U.S. stocks declined Friday after government data showed the economy created just 38,000 jobs last month, the weakest level of hiring in six years.
The weak jobs report is likely to prompt the Federal Reserve to delay rate increases this month, according to analysts.
The S&P 500 index SPX, -0.73% retreated from its 7-month high, notched on Wednesday. The index was down 16 points, or 0.8% at 2,089 and on track to finish the week lower. Financial stocks fell sharply with the exchange-traded Financial Select Sector ETF XLF, -2.18% slumping 1.6%. Lower rates can impede banks’ ability to generate profits.
Consumer discretionary stocks were also sharply lower, with the sector trading down 1.8%.
Dow Jones Industrial Average futures DJIA, -0.62% fell 113 points, or 0.6%, to 17,729, with J.P. Morgan Chase & Co JPM, -3.15% and Goldman Sachs Group Inc. GS, -3.10% , leading losses with a 3% drop. The Nasdaq Composite index COMP, -0.97% declined 41 points, or 0.8%, to 4,929.
Meanwhile, U.S. Treasurys, which are also sensitive to shifts in rate-hike expectations, saw their prices soar, pushing yields sharply lower as doubts about the vigor of the economy and a possible delay in rate hikes sparked buying appetite for the safety of government bonds. The benchmark 10-year Treasury yield TMUBMUSD10Y, -4.66% fell 8 basis points to 1.70%.
“This jobs report is truly disappointing even after accounting for Verizon strikes. It gives a lot of ammunition for the Fed to wait longer before raising rate and certainly puts in doubt a rate hike in June,” said Quincy Krosby, market strategist at Prudential Financial.
“So far, the market is taking the bad news as bad news. More importantly we will see if Janet Yellen sees it as bad news,” Krosby said.
Federal Reserve Chair Janet Yellen is scheduled to give a speech to the World Affairs Council of Philadelphia on Monday.
Kristina Hooper, U.S. investment strategist for Allianz Global Investors, said she would write off a June rate hike completely just yet.
“Odds of a June rate hike diminished but the Fed might still do something less conventional, like a smaller, 12.5 basis point increase,” she said.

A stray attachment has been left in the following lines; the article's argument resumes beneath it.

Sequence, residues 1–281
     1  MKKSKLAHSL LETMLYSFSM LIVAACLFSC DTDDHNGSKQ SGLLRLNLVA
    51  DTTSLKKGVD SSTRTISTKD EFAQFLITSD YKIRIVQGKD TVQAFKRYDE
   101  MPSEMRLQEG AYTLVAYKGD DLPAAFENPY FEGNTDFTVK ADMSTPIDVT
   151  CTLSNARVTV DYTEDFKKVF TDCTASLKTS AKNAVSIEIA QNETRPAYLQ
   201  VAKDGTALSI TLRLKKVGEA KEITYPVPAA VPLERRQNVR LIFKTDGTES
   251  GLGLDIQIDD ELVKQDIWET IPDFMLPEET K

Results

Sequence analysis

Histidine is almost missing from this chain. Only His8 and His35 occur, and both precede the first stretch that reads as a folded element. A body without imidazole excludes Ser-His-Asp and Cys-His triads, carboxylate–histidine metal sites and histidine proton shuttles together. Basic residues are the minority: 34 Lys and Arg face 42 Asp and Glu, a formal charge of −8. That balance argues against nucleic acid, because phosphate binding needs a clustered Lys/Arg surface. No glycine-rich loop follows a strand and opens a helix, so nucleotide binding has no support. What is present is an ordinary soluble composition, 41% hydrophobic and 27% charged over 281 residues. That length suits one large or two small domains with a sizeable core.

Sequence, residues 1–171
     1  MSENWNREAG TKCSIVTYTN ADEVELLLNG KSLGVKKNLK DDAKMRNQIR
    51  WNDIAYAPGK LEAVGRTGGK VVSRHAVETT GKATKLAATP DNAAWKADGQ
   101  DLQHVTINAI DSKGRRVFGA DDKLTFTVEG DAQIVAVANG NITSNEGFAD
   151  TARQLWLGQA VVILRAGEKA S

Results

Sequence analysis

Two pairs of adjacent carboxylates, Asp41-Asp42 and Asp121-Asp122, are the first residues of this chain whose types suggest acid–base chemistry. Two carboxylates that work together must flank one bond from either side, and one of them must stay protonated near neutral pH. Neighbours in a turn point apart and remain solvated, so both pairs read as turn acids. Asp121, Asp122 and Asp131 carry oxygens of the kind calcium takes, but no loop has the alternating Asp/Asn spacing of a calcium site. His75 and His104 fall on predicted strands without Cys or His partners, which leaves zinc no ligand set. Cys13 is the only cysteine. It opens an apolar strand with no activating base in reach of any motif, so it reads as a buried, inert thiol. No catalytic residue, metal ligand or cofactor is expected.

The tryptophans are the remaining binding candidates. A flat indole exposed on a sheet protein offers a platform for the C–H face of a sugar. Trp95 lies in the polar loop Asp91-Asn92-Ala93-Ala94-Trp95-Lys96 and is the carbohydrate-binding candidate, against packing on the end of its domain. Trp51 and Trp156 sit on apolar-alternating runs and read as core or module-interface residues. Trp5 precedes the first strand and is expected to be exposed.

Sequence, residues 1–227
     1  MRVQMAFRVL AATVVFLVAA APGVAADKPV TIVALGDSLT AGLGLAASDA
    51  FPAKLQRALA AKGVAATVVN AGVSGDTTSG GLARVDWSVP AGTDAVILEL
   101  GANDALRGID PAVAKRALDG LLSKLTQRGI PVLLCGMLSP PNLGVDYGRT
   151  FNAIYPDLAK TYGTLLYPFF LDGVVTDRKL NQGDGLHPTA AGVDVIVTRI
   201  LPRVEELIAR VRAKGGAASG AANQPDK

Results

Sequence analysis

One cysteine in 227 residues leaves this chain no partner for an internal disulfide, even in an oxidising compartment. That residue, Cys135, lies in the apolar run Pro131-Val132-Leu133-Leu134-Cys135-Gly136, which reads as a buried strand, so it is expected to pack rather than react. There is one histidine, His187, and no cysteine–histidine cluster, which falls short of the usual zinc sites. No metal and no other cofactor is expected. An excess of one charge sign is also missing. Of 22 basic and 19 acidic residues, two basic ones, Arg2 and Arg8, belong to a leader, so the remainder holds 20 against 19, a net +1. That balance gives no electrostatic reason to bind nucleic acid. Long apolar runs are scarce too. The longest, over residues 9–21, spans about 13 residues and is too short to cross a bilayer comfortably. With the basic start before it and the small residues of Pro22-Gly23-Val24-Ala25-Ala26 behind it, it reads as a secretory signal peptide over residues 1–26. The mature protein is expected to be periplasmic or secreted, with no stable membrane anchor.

Brent crude LCOQ6, -0.84% hovered below $50 a barrel as traders weighed upbeat oil data from Thursday against the decision by the Organization of the Petroleum Exporting Countries not to impose a production ceiling. WTI crude CLN6, -0.89% was lower at $48.80 a barrel.
European markets SXXP, -1.41% gave up earlier gains and were heading south. Asian ADOW, +1.22% markets saw moderate gains. The Shanghai Composite Index SHCOMP, +0.46% broke six-straight weeks of losses, gaining 4.2% on hopes mainland Chinese shares could get MSCI acceptance.
Nonfarm payrolls on tap: The U.S. created just 38,000 new jobs in May and hiring in the prior two months was weaker than originally reported. The unemployment rate fell to 4.7% from 5% as 664,000 people left the labor force in May.
Separately, U.S. trade deficit climbed 5.3% in April to $37.4 billion.
More data are ahead with the Institute for Supply Management nonmanufacturing survey for May and a reading on factory orders for April scheduled for release at 10 a.m. Eastern.
Fed speakers: Speaking in London Friday, Chicago Federal Reserve President Charles Evans said there is a “reasonable case” for holding off increasing the federal-funds rate until core inflation gets above 2% on a sustainable basis.
Fed Gov. Lael Brainard will speak on economic outlook and monetary policy at the Council on Foreign Relations at 12:30 p.m. Eastern.
Stocks to watch: Talen Energy Corp. TLN, +16.54% soared 17% on news the independent power producer has agreed to be acquired by private investment company Riverstone Holdings, which will pay $14 a share for each one of Talen that it doesn’t own.
Air carriers United Continental Holdings Inc. UAL, -2.57% and Delta Air Lines Inc. DAL, -2.12% are among those considering bids for Avianca Holdings SA, The Wall Street Journal reported, citing sources. Shares in both companies fell about 3%.